The family met Zacharevic through Urban Sketchers, an art group founded by Ch'ng. "Starting with UNESCO, people have been coming in and exploring Penang," Teoh says. "It's very encouraging that we're having this exchange of culture."
Two Children on a Bicycle
The three adults reminisce about their childhoods, mostly spent in George Town's historic precincts. All three laugh when Teoh mentions the "toilets" of their youth. Even in the 1980's, they used modified chamber pots—"buckets, actually," Tan says—kept in a cubbyhole accessible from the street and emptied by sanitation workers, "usually around 6 a.m.," Ch'ng recalls. "Our parents would say, 'If you don't study seriously, you'll end up like them!'" Teoh says. (Threats of shameful professional failure survived the journeys of the Chinese diaspora undimmed.)
After lunch, we drive to their old neighborhood. They're hankering for a coffee at an alleyway café that has endured from their youth. Parking proves pure tribulation—we circle and circle. "We used the streets as our playground. We played badminton. There were no cars," Tan says sadly. "Sometimes I wonder if, with all the foreign investment, we're actually eroding the culture. Locals have been forced to move out. Sometimes we don't even want to come here."
Their original move was born of modernity's draw; now, suburban living is a practical matter. "We appreciated new things, not old ones," Teoh says. Tan adds that it wasn't until foreigners began buying old houses that locals realized their value: "Now that we want to own them, we can't afford to."
LANGDON SAID Penang beyond George Town might provide windows to a more pastoral past. So on my last day, I go touring. Within minutes, urban surrenders to rural, echoes of what Rudyard Kipling, who visited Penang in 1889, describes in From Sea to Sea. "We struck into roads fringed with native houses on piles, shadowed by the everlasting coconut palms heavy with young nuts," he writes. "There was a mutter of thunder in the hills which we were approaching."
As we putter along sinusoidal roads, dodging foraging chickens, I tell my guide, Mr. Quah, a retired cooking-gas salesman, I want to visit a nutmeg farm Langdon had mentioned. It's one of the last remnants from the 1800's, when plantations proliferated in a British attempt to break the Dutch stranglehold on the spice supply.
Mr. Quah insistently narrates the treescape as we drive: "Durian tree. Rubber tree. Rambutan tree. No nutmeg! Durian tree. No nutmeg!"
Eventually, we find the Ghee Hup farm. Seedlings line the parking lot. Under a lean-to, a saleswoman gives a five-minute primer in pidgin English about the nutmeg. "Nutmeg mace! Good for joint pain!" she says. "See? Male seed. Cannot get baby. Female seed. Get baby."
I buy some whole nutmeg—in foodie-obsessive Brooklyn, I might shave it on spinach and serve with a story—but as we leave the farm, I began to sense the foolishness of chasing Penang's past. I'm finding only shadows. I can't know the reality of what my great-grandfather experienced. And it's both patronizing and impossible to decide what is worth "preserving."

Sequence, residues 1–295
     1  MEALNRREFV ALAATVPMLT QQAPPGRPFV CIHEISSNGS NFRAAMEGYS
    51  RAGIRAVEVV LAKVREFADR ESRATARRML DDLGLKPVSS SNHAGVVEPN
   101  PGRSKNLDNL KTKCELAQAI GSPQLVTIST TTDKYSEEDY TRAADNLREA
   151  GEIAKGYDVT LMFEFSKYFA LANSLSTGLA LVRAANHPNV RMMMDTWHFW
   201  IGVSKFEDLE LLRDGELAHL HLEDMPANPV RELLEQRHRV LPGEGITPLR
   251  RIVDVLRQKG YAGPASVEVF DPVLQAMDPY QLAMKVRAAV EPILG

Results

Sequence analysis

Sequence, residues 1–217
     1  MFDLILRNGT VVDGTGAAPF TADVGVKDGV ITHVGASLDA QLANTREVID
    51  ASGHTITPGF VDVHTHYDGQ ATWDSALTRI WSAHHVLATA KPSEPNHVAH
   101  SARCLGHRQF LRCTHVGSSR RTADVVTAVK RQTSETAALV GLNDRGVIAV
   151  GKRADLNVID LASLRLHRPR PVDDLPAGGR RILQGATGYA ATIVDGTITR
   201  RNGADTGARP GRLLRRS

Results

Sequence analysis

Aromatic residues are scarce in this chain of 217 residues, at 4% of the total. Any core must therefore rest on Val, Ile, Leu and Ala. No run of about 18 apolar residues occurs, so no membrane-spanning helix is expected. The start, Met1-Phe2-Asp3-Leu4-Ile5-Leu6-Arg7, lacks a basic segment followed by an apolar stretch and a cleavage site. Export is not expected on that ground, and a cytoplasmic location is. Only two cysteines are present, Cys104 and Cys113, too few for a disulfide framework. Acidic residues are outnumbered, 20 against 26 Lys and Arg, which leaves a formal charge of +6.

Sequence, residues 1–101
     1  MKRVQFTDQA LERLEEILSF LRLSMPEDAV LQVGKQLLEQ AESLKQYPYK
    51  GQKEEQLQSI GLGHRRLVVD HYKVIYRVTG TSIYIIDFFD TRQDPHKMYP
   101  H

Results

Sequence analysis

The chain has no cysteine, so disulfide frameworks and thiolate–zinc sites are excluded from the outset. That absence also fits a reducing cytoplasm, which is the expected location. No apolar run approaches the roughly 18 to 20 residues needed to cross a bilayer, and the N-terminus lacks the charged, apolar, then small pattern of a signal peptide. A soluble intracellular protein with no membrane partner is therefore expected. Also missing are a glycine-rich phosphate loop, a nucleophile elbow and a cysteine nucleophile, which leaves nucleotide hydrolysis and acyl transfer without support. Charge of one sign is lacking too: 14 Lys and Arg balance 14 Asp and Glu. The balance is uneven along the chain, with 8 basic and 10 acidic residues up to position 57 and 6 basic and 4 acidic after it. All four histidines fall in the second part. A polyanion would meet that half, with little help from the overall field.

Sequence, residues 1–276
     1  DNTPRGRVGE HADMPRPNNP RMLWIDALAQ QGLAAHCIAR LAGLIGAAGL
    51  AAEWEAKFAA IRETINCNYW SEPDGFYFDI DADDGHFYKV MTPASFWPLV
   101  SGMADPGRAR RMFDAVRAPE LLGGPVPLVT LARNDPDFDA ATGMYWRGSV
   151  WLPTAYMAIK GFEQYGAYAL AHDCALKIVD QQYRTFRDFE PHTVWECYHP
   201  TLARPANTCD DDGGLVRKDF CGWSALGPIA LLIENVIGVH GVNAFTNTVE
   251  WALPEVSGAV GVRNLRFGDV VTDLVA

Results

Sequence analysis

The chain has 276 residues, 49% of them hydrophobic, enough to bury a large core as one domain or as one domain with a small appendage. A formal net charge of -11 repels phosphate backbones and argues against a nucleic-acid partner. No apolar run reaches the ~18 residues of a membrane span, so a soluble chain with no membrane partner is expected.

Nutmeg at Ghee Hup
Yet the foreshadowing of the future seems strangely discomfiting too. After we lunch in Balik Pulau, Mr. Quah mentions that an acquaintance has asked him to buy bread here. This is apparently no ordinary Malaysian roti. We find the shop, Yin's, in a strip mall on edge of town. Proprietor Chan Su Yin learned to make sourdough in Portland. Upon returning to Malaysia, she tinkered with recipes to adjust for climate, opening Yin's in 2013. "I make my own kefir too!" she says, as if from a Portlandia Goes to Penang script. "When I got back from Oregon, I couldn't find it anywhere."
I buy a still-warm coconut bun, the only thing in the bakery that seems vaguely, stereotypically Penang. I swallow it nearly whole, along with my guilt, judgment and confusion. And as much as I don't want to say so, it's delicious.
Baker Chan Su Yin and her goods
Eastern & Oriental Hotel 10 Farquhar St., George Town; +60 4 222 2000; eohotels.com.
Seven Terraces 2-16 Stewart Ln., George Town; +60 4 264 2333; seventerraces.com.
Cheong Fatt Tze Mansion The famed "Blue House," this century-plus-old manor of a Hakka magnate and diplomat once housed the Chinese Vice-Consulate, as well as Cheong's favored seventh wife. 14 Leith St., George Town; +60 4 262 0006; cheongfatttzemansion.com.
Jawi House Café Gallery 85 Armenian St., George Town; +60 4 261 3680; jawihouse.com; open until 7 p.m.
China House 153-155 Beach St., George Town; +60 4 263 7299; chinahouse.com.my.
Yin's Sourdough 11 Pesara Claimant, George Town; +60 11 2419 5118; yinssourdough.com.
Eng Loh Coffee Shop 48 Church St., George Town; +60 4 261 5526.
Toh Soon Café 184 Campbell St., George Town; +60 4 261 3754.
Patio This indoor-outdoor tapas bar has live music, grilled ribs and signature sangria. 49 Weld Quay, George Town; +60 17 546 2353; facebook.com/patiopenang.
Eng Loh Coffee Shop
Suffolk House 250 Jalan Air Itam, George Town; +60 4 228 1109; suffolkhouse.com.my.
Self-Guided Street Art Tour George Town; tourismpenang.net.my/pdf/street-art-brochure.pdf.
Ghee Hup Nutmeg Factory 202-A Jalan Teluk Bahang, Balik Pulau; +60 4 866 8426; free admission (and nutmeg-juice samples).